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Prevent the use of breached passwords


The system must check new passwords against a list of 1000 to 10000 breached passwords.


There are various mechanisms for cracking passwords that use public lists containing breached credentials. Systems must check submitted passwords against some of these lists and prevent account creation and password update operations that use passwords contained in them.


  • CAPEC-16: Dictionary-based Password Attack: An attacker tries each of the words in a dictionary as passwords to gain access to the system via some user's account. If the password chosen by the user was a word within the dictionary, this attack will be successful (in the absence of other mitigations).

  • CAPEC-560: Use of Known Domain Credentials: An adversary guesses or obtains (i.e., steals or purchases) legitimate credentials (e.g., userID/password) to achieve authentication and to perform authorized actions under the guise of an authenticated user or service.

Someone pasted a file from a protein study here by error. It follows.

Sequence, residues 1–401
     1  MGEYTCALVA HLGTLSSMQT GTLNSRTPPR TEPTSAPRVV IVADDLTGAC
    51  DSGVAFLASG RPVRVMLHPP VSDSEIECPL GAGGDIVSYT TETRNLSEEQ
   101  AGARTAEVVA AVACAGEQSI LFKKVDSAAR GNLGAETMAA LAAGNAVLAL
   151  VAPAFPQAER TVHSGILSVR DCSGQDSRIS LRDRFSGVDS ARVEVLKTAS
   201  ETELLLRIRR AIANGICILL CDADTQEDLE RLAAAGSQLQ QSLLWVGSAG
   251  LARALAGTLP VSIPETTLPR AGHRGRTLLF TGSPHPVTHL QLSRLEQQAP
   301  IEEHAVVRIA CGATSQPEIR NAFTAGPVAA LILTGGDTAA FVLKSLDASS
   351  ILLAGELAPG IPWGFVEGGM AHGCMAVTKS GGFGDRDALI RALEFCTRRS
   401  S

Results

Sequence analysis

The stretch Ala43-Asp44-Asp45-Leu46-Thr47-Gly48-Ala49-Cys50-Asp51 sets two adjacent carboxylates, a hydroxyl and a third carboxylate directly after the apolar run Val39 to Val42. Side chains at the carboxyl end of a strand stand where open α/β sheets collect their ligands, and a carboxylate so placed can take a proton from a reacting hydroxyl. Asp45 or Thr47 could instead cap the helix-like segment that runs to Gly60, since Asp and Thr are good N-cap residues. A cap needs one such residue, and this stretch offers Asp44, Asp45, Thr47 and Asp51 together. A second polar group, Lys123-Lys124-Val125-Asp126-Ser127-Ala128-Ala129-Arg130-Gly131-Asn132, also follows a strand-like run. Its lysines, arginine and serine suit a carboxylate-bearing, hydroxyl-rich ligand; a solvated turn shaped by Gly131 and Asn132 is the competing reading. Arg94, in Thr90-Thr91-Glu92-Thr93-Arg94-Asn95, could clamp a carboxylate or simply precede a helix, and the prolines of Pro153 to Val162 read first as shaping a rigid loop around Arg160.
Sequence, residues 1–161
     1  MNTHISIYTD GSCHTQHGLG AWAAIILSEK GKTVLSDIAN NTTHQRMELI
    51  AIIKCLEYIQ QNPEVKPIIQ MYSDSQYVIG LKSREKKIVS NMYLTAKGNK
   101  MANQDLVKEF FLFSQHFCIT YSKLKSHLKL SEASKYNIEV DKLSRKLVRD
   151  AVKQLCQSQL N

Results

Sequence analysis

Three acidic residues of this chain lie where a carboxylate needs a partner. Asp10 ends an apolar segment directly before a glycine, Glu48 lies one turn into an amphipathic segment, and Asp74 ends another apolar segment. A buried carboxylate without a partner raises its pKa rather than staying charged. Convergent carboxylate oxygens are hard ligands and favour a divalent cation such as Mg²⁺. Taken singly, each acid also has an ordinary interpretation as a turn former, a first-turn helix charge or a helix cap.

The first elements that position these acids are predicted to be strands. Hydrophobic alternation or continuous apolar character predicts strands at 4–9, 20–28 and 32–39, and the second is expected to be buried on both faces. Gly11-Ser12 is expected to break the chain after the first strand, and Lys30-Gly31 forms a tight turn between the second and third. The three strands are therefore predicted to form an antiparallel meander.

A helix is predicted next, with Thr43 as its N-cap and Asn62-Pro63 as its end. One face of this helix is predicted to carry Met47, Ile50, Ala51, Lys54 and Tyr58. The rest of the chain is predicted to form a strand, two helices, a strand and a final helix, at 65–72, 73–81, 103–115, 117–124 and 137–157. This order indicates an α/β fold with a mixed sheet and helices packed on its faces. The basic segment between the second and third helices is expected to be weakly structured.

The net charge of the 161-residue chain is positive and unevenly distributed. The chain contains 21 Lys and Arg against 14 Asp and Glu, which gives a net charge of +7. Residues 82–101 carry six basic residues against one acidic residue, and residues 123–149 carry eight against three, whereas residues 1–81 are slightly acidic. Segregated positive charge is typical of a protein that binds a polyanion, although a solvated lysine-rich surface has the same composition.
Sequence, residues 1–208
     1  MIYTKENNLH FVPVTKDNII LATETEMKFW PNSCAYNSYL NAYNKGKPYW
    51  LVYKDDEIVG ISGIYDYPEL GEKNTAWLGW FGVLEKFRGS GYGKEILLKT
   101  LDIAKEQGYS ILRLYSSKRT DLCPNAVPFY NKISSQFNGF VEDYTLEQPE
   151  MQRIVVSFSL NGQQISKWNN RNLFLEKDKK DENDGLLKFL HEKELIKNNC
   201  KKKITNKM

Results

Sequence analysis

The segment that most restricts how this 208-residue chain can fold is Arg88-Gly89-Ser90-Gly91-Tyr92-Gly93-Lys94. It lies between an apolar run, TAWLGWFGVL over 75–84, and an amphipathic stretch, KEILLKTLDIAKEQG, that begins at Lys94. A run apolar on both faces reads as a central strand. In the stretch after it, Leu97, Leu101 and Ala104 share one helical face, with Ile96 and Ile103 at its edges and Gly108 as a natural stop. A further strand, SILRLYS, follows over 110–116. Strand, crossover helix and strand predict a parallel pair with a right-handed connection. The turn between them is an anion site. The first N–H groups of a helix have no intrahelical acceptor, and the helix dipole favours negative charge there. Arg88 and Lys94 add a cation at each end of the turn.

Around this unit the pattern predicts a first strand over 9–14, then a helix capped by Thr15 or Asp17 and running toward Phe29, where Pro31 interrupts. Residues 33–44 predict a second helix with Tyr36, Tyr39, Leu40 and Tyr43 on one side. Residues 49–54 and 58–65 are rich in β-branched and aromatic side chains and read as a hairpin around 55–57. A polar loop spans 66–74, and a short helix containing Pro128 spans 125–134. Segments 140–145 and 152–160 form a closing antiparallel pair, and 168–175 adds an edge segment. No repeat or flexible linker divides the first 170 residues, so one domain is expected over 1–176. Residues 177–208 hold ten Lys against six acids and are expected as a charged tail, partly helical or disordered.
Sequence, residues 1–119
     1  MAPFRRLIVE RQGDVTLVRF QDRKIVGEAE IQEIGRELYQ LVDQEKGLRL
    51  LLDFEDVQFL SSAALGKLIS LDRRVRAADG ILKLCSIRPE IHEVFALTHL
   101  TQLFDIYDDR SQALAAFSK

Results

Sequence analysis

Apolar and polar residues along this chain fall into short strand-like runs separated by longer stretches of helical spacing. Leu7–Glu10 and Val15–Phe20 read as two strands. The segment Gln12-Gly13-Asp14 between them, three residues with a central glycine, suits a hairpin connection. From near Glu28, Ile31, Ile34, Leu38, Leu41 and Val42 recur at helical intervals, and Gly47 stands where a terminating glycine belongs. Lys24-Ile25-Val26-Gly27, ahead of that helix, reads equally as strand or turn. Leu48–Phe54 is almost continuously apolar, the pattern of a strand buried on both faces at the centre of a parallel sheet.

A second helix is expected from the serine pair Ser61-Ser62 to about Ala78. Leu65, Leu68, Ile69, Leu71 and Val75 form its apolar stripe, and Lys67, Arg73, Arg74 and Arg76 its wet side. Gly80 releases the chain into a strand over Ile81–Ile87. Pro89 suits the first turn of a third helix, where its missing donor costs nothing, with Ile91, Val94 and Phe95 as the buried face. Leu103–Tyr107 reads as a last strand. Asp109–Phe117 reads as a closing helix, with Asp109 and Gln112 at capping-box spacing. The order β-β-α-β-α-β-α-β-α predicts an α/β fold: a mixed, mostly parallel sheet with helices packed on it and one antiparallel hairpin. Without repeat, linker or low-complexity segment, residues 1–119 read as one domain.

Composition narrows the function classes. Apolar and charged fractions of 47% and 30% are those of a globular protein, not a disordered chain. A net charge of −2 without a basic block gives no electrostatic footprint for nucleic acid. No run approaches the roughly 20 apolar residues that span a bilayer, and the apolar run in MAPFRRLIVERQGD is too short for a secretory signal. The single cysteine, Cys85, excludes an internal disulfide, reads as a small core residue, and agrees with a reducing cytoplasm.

• CWE-521: Weak Password Requirements: The product does not require that users should have strong passwords, which makes it easier for attackers to compromise user accounts.

  • NIST 800-63B Memorized Secret Verifiers: Verifiers SHALL compare the prospective secrets against a list that contains values known to be commonly-used, expected or compromised.

  • OWASP Top 10 A2:2017-Broken Authentication: Application functions related to authentication and session management are often implemented incorrectly, allowing attackers to compromise passwords, keys, or session tokens, or to exploit other implementation flaws to assume other users' identities temporarily or permanently.

  • OWASP-ASVS v4.0.1 V2.1 Password Security Requirements.(2.1.7): Verify that passwords submitted during account registration, login, and password change are checked against a set of breached passwords either locally or using an external API.

  • OWASP-ASVS v4.0.1 V2.2 General Authenticator Requirements.(2.2.1): Verify that anti-automation controls are effective at mitigating breached credential testing, brute force, and account lockout attacks. Such controls include blocking the most common breached passwords, soft lockouts, rate limiting, CAPTCHA, ever increasing delays between attempts, IP address restrictions, or risk-based restrictions such as location, first login on a device, recent attempts to unlock the account, or similar. Verify that no more than 100 failed attempts per hour is possible on a single account.

  • PCI DSS v3.2.1 - Requirement 6.5.10: Address common coding vulnerabilities in software-development processes such as broken authentication and session management.